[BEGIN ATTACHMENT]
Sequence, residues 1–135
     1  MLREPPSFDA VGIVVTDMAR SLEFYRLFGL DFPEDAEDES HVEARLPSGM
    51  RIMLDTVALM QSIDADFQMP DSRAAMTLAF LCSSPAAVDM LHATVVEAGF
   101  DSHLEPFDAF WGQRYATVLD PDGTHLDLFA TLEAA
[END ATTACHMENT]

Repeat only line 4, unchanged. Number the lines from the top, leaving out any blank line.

   101  DSHLEPFDAF WGQRYATVLD PDGTHLDLFA TLEAA